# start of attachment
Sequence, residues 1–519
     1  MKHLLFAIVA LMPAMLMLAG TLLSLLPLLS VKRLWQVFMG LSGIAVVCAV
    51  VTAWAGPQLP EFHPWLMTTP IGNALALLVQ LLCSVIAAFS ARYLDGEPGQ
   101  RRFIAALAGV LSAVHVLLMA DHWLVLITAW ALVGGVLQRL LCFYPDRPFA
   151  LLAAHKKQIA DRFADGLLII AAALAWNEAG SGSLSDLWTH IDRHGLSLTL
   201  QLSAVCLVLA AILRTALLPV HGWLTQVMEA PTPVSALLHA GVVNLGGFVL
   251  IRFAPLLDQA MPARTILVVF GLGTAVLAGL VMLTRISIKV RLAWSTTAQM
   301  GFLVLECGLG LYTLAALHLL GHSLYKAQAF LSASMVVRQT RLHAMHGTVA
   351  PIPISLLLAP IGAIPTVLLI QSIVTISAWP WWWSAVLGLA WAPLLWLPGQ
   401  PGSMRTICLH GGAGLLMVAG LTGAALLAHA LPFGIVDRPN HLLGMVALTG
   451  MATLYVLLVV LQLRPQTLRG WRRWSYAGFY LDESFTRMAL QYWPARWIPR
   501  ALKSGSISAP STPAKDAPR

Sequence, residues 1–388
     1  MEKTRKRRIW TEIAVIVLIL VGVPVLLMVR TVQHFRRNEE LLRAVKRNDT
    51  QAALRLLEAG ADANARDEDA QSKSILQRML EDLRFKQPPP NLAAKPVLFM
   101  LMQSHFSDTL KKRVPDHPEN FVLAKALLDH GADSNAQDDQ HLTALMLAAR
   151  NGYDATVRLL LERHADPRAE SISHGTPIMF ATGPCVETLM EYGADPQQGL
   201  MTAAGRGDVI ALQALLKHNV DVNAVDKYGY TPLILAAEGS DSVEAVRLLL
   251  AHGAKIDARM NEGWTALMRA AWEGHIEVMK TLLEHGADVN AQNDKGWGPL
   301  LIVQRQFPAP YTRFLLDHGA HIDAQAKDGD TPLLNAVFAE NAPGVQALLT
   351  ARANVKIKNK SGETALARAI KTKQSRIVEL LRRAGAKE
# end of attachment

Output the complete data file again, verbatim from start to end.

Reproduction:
Sequence, residues 1–519
     1  MKHLLFAIVA LMPAMLMLAG TLLSLLPLLS VKRLWQVFMG LSGIAVVCAV
    51  VTAWAGPQLP EFHPWLMTTP IGNALALLVQ LLCSVIAAFS ARYLDGEPGQ
   101  RRFIAALAGV LSAVHVLLMA DHWLVLITAW ALVGGVLQRL LCFYPDRPFA
   151  LLAAHKKQIA DRFADGLLII AAALAWNEAG SGSLSDLWTH IDRHGLSLTL
   201  QLSAVCLVLA AILRTALLPV HGWLTQVMEA PTPVSALLHA GVVNLGGFVL
   251  IRFAPLLDQA MPARTILVVF GLGTAVLAGL VMLTRISIKV RLAWSTTAQM
   301  GFLVLECGLG LYTLAALHLL GHSLYKAQAF LSASMVVRQT RLHAMHGTVA
   351  PIPISLLLAP IGAIPTVLLI QSIVTISAWP WWWSAVLGLA WAPLLWLPGQ
   401  PGSMRTICLH GGAGLLMVAG LTGAALLAHA LPFGIVDRPN HLLGMVALTG
   451  MATLYVLLVV LQLRPQTLRG WRRWSYAGFY LDESFTRMAL QYWPARWIPR
   501  ALKSGSISAP STPAKDAPR

Sequence, residues 1–388
     1  MEKTRKRRIW TEIAVIVLIL VGVPVLLMVR TVQHFRRNEE LLRAVKRNDT
    51  QAALRLLEAG ADANARDEDA QSKSILQRML EDLRFKQPPP NLAAKPVLFM
   101  LMQSHFSDTL KKRVPDHPEN FVLAKALLDH GADSNAQDDQ HLTALMLAAR
   151  NGYDATVRLL LERHADPRAE SISHGTPIMF ATGPCVETLM EYGADPQQGL
   201  MTAAGRGDVI ALQALLKHNV DVNAVDKYGY TPLILAAEGS DSVEAVRLLL
   251  AHGAKIDARM NEGWTALMRA AWEGHIEVMK TLLEHGADVN AQNDKGWGPL
   301  LIVQRQFPAP YTRFLLDHGA HIDAQAKDGD TPLLNAVFAE NAPGVQALLT
   351  ARANVKIKNK SGETALARAI KTKQSRIVEL LRRAGAKE